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Cereb Cortex. 2015 Oct;25(10):3654-72. doi: 10.1093/cercor/bhu217. Epub 2014 Sep 23.

Functional Specialization and Flexibility in Human Association Cortex.

Author information

1
Department of Electrical and Computer Engineering Center for Cognitive Neuroscience, Duke-NUS Graduate Medical School, Singapore Singapore Institute of Neurotechnology and Clinical Imaging Research Centre, National University of Singapore, Singapore Athinoula A. Martinos Center for Biomedical Imaging and.
2
Athinoula A. Martinos Center for Biomedical Imaging and Department of Psychology and Center for Brain Science, Harvard University, Cambridge, MA, USA.
3
Institute for Clinical Neuroscience and Medical Psychology, Heinrich-Heine University Düsseldorf, Düsseldorf, Germany Institute for Neuroscience and Medicine (INM-1), Research Center Jülich, Jülich, Germany.
4
Center for Cognitive Neuroscience, Duke-NUS Graduate Medical School, Singapore.
5
Research Imaging Institute, University of Texas Health Science Center at San Antonio, San Antonio, TX, USA South Texas Veterans Health Care System, San Antonio, TX, USA State Key Laboratory for Brain and Cognitive Sciences, University of Hong Kong, Pokfulam, Hong Kong.
6
Athinoula A. Martinos Center for Biomedical Imaging and Department of Psychology and Center for Brain Science, Harvard University, Cambridge, MA, USA Department of Psychiatry, Massachusetts General Hospital, Boston, MA, USA.
7
Center for Cognitive Neuroscience, Duke-NUS Graduate Medical School, Singapore Singapore Institute of Neurotechnology and Division of Social Sciences, Yale-NUS College, Singapore.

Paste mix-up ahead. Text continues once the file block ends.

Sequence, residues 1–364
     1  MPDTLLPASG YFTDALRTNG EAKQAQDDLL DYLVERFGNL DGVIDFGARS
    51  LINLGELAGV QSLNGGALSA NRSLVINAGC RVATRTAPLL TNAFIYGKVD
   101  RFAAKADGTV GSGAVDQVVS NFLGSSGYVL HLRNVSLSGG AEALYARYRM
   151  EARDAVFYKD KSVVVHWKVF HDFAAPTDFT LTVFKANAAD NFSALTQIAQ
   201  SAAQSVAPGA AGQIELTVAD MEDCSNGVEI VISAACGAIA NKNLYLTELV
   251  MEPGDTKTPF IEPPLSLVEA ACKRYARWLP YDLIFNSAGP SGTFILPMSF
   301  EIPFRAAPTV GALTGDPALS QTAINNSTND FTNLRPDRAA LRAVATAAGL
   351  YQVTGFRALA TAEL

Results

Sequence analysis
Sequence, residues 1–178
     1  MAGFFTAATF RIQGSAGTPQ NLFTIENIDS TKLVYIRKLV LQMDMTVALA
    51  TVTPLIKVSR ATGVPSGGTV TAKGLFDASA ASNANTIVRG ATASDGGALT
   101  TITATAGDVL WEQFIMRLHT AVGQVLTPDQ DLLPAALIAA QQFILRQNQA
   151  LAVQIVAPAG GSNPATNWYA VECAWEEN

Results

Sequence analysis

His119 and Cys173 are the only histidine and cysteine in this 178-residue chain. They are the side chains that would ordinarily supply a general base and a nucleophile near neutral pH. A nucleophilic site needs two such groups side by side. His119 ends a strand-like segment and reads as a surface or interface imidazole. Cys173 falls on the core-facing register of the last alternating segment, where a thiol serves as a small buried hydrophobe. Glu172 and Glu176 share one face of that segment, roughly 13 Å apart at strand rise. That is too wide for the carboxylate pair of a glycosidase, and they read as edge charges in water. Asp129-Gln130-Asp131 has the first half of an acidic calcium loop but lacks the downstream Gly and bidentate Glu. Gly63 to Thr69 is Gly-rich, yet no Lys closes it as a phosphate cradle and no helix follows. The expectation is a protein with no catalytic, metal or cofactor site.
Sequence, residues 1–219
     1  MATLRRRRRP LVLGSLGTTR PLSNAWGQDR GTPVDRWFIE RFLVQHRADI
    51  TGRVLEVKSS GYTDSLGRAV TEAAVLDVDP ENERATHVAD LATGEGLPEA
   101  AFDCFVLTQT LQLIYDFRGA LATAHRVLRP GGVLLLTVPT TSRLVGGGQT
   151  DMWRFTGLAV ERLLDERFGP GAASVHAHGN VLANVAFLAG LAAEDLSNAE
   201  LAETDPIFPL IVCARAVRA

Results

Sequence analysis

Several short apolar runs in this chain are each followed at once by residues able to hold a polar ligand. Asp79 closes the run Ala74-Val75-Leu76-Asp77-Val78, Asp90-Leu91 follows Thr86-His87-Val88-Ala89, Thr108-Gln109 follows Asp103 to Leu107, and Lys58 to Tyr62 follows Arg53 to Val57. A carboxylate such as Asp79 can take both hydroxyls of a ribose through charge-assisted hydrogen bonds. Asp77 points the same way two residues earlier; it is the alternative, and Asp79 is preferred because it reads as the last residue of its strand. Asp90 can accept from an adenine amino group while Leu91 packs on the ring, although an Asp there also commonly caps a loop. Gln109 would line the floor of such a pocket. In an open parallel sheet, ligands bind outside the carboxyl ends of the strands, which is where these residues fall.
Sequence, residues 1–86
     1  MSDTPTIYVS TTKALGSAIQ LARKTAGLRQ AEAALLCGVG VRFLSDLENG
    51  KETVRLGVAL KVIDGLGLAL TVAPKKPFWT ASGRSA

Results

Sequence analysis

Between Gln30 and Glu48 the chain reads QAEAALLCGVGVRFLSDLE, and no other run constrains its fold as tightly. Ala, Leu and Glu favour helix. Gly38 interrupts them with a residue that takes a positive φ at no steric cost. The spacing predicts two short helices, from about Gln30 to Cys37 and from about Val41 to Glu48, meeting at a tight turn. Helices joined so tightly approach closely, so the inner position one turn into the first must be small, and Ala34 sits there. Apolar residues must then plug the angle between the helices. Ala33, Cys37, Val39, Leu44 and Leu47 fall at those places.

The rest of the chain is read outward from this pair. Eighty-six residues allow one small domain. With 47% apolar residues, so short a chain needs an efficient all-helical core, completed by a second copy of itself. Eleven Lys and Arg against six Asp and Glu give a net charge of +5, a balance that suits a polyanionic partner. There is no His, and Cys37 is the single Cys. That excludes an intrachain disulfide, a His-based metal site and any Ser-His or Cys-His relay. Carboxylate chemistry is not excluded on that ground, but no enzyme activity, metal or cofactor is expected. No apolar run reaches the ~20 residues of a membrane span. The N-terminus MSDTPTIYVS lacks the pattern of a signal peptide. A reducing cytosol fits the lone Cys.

Abstract

The association cortex supports cognitive functions enabling flexible behavior. Here, we explored the organization of human association cortex by mathematically formalizing the notion that a behavioral task engages multiple cognitive components, which are in turn supported by multiple overlapping brain regions. Application of the model to a large data set of neuroimaging experiments (N = 10 449) identified complex zones of frontal and parietal regions that ranged from being highly specialized to highly flexible. The network organization of the specialized and flexible regions was explored with an independent resting-state fMRI data set (N = 1000). Cortical regions specialized for the same components were strongly coupled, suggesting that components function as partially isolated networks. Functionally flexible regions participated in multiple components to different degrees. This heterogeneous selectivity was predicted by the connectivity between flexible and specialized regions. Functionally flexible regions might support binding or integrating specialized brain networks that, in turn, contribute to the ability to execute multiple and varied tasks.

KEYWORDS:

cognitive ontology; functional connectivity; meta-analysis; parietal cortex; prefrontal cortex

PMID:
25249407
PMCID:
PMC4598819
DOI:
10.1093/cercor/bhu217
[Indexed for MEDLINE]
Free PMC Article

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